Tag Archives: tips


The more you write, the more ideas you get.

Shouldn’t be surprising, I know. But it’s different knowing something in theory and experiencing it as fact.


Tons have been written about how writers should deal with critiques during the drafting process. This is just my take.

  1. The most important thing about critiques is learning how to benefit from them. Not every criticism is valid, and you don’t have to listen to every critiquer. Figuring out which ones you do need to listen to is a skill that must be acquired.
  2. It is not possible to write something that pleases everyone, though some works will appeal to more people than others (and you have to decide how important that is to you). I’m sure you’ve bought anthologies and thought some of the stories were duds while others were brilliant, and another reader will pick out hits and misses different from yours. Keep that in mind — but also remember that at least someone — the editor — must really like your story for it to go anywhere.
  3. Even the most negative critiques usually contain something that you can use: the knowledge that a part of your story didn’t work for some reader. The most useful critiques identify exactly what bothered the reader. Explanations for why these parts of the story didn’t work can be useful, but not everyone is good at articulating such reasons clearly. Suggestions for how to improve those parts are less useful, unless you have a writing style similar to the critiquer’s. Quotations of “rules of writing,” on the other hand, are almost always useless.
  4. Some people are better at critiquing your work than others. This seems to be a skill independent of how successful they are as writers, and it may even be independent of how much you like their writing. This is why it’s important to get critiques from as many people as possible.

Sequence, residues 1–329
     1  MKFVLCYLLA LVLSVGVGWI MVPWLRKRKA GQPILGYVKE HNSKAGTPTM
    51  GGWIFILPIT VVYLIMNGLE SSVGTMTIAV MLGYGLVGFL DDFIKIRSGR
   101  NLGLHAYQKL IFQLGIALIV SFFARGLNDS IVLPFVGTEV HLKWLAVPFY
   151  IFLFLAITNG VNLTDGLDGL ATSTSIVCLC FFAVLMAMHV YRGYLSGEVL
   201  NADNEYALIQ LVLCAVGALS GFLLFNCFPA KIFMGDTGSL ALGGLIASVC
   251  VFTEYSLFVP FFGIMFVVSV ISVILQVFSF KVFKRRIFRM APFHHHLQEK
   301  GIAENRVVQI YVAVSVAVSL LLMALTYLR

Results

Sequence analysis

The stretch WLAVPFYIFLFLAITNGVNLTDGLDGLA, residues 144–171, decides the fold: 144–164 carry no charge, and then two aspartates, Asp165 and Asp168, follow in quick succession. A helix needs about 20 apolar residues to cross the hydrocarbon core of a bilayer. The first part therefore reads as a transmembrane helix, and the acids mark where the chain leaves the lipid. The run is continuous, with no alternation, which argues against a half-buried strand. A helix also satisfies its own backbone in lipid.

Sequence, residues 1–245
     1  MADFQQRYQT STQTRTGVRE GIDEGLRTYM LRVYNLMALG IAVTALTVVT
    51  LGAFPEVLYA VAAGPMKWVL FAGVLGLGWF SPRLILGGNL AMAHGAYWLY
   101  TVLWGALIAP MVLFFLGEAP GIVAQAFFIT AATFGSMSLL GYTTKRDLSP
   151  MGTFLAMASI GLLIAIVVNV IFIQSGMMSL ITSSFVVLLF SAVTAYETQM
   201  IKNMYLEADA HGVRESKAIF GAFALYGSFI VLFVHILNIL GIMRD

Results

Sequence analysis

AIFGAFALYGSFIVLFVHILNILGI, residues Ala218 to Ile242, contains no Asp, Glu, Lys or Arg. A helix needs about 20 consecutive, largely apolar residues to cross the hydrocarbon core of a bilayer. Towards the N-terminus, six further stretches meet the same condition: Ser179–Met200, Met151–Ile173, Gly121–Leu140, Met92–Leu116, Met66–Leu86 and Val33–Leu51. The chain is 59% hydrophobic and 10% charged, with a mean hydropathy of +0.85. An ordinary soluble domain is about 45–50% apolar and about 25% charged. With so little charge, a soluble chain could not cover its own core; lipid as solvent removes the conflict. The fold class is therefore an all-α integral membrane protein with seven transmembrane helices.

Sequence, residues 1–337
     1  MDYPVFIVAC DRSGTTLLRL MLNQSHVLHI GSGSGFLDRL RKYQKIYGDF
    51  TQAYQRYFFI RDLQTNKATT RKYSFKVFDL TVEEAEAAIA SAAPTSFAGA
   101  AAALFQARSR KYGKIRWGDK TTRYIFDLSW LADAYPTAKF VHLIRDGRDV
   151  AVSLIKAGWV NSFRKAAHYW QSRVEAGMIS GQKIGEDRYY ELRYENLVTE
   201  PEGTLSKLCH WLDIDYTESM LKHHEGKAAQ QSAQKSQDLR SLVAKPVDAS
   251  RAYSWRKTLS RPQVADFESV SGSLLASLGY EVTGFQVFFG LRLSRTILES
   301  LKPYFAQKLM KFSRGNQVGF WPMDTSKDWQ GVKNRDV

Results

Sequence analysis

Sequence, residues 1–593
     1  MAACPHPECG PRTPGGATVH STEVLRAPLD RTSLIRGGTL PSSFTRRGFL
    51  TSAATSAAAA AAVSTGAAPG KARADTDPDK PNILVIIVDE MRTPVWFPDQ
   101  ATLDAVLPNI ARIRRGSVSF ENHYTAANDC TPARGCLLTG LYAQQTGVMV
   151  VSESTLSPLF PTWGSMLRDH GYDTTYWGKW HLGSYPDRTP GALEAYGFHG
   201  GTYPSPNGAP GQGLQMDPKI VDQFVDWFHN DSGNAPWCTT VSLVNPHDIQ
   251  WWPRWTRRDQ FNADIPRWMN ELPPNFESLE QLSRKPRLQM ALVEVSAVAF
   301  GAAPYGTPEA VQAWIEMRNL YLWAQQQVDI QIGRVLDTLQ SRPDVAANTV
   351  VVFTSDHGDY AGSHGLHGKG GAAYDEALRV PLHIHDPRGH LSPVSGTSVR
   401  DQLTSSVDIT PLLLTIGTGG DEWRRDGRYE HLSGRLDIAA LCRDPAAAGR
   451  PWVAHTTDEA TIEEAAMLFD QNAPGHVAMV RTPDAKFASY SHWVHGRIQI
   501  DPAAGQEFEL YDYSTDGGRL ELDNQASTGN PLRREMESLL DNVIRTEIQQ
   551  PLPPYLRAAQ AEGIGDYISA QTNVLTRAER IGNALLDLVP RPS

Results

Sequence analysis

5. If hearing criticism of your work makes you unable to function, then you simply cannot be a writer. The courage to hear criticism and still proceed is even more important for writers than dedication and “talent,” whatever that may mean.

The Top Idea

Paul Graham:

I think most people have one top idea in their mind at any given time. That’s the idea their thoughts will drift toward when they’re allowed to drift freely. And this idea will thus tend to get all the benefit of that type of thinking, while others are starved of it. Which means it’s a disaster to let the wrong idea become the top one in your mind.

I’ve found there are two types of thoughts especially worth avoiding—thoughts like the Nile Perch in the way they push out more interesting ideas. One I’ve already mentioned: thoughts about money. Getting money is almost by definition an attention sink. The other is disputes. These too are engaging in the wrong way: they have the same velcro-like shape as genuinely interesting ideas, but without the substance. So avoid disputes if you want to get real work done.

Words to live by. Certainly makes me rethink a lot about how I ought to go about dealing with disputes.

Characters with Gender-Neutral Names

Writing tip of the day: if you give your characters gender-neutral names (or names that have masculine and feminine forms that are easily confused, like Rene and Renee), make sure that you give your reader some means of identifying the gender of the character early. Unless the ambiguity is intentional, this can really trip up readers.

What I had against me: the story is told in the first person, so there’s little opportunity for physical description that doesn’t seem intrusive; the story is set in a post-Singularity world, so physical descriptions are out in any event.

It’s also interesting how important a role gender plays in our ability to sink into a narrative. Uncertainty about the gender of a character is like a toothache, constantly pulling the reader out of the story. It does raise interesting questions about how gender identity will be handled in the post-Singularity world.